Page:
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Suncorp insurance earnings rise 51% on price gains 

Suncorp recorded a 51.8% rise in first-half general insurance profit after tax to $510 million, as higher premium growth lifted its key Consumer Insurance and Commercial and Personal Injury divisions in Australia.

Total general insurance gross written premium (GWP), including its New Zealand business, grew 16.3% to $6.87 billion in the July-December period, the business announced this morning.

At the group level, overall net profit after tax went up 5.4% compared with a year earlier to $582 million, net investment returns improved to $396 million from $167 million, and cash earnings grew 13.8% to $660 million.

In New Zealand, the business benefited from relatively benign weather, with no natural hazard events in the half, while in Australia there were six “significant” weather events from November to December. The six events have to date prompted 45,000 claims and cost about $568 million – $112 million below Suncorp’s first-half allowance.

Suncorp Group CEO Steve Johnston says the first-half performance “reflects strong growth across the group and positive investment performance from higher running yields and mark-to-market gains”.

Consumer Insurance profit surged to $203 million from $32 million, reflecting continued momentum in revenue and improved investment income. The home portfolio achieved GWP growth of 12%, with unit growth of 2.1% and average written premium (AWP) growth of 9.9%. Motor GWP was up 18.2%, with gains across mass and niche brands; unit growth was 2.3% and AWP growth was 15.9%.

“It’s pleasing to see the consumer portfolios are performing strongly, particularly given the significant pricing that has been required to address input cost inflation and rising reinsurance costs,” Mr Johnston said in an earnings call this morning.

Commercial and Personal Injury net profit declined $37 million to $194 million after the previous corresponding period benefited from the release of a business interruption provision of $124 million. Excluding the release, profit after tax was up 34.5%.

GWP growth was achieved across all portfolios in Commercial and Personal Injury and was particularly strong across commercial tailored lines and workers’ compensation. Commercial GWP grew 16% and workers’ compensation gained 19.7%.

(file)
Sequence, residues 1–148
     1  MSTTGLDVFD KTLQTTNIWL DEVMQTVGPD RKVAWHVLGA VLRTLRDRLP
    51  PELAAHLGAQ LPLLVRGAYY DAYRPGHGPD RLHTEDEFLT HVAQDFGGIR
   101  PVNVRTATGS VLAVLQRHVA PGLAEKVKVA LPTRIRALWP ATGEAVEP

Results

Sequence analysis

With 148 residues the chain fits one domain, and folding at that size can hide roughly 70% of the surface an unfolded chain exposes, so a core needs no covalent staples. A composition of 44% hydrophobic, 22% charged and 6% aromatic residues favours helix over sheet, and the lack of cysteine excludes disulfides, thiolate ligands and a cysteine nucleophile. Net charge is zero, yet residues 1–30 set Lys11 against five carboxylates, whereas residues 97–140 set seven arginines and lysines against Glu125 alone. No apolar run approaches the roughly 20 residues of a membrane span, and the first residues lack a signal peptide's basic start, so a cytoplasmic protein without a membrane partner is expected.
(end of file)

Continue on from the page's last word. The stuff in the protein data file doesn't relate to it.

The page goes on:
The New Zealand general insurance business also delivered better earnings, with net profit rising 3.3% to $NZ94 million ($88 million). Suncorp says the business benefited from the benign natural hazard experience and improved investment income, but increased reinsurance and commission costs partially offset the gains.

Suncorp expects GWP growth in the low to mid teens for this financial year, primarily driven by increases in AWP as the business responds to increased input costs, including from reinsurance, natural hazards and supply chain inflation.

“An underlying [insurance trading ratio] around the midpoint of the 10% to 12% range remains the target for FY24,” Suncorp said.

The group says it is aware consumers are facing affordability challenges, the result of premium rises pushed through by the insurer and the industry after the 2022 floods and other catastrophes.

The price adjustments have helped address inflationary pressures, but Suncorp has indicated premiums are still expected to trend upwards in the near future.

CFO Jeremy Robson says written premium is now running ahead of cost of policy, but “that hasn't always been the case and there’s a catch-up element to this ... [it] needs to come through to get margins back to where we want it”.

Mr Johnston says the issue of insurance affordability cannot be solved by any one party.

Suncorp provided a five-year time series showing its natural hazard costs from 2018-19 to 2022-23. “Over my 20 years at Suncorp, I’ve always come to believe that around 100,000 claims per year ... it’s a bad year. You can see that within that five years ... we’ve been hitting that level and sometimes comfortably ahead of that level,” Mr Johnston said.

Over the same five-year period, he says, Suncorp’s aggregate gross natural hazard costs have reached nearly $10 billion.

“The cost of natural hazards and reinsurance, which are material inputs into pricing in insurance, have increased by $1 billion ... that is 54% ... you can see the cost per policy over the last few years for home and motor has increased substantially,” Mr Johnston said.

“Put simply, the impacts of climate change, a reassessment of Australia and New Zealand risk by our global insurance partners, the planning mistakes of the past and now inflation have converged to put the upward pressure on insurance pricing that we are currently experiencing.”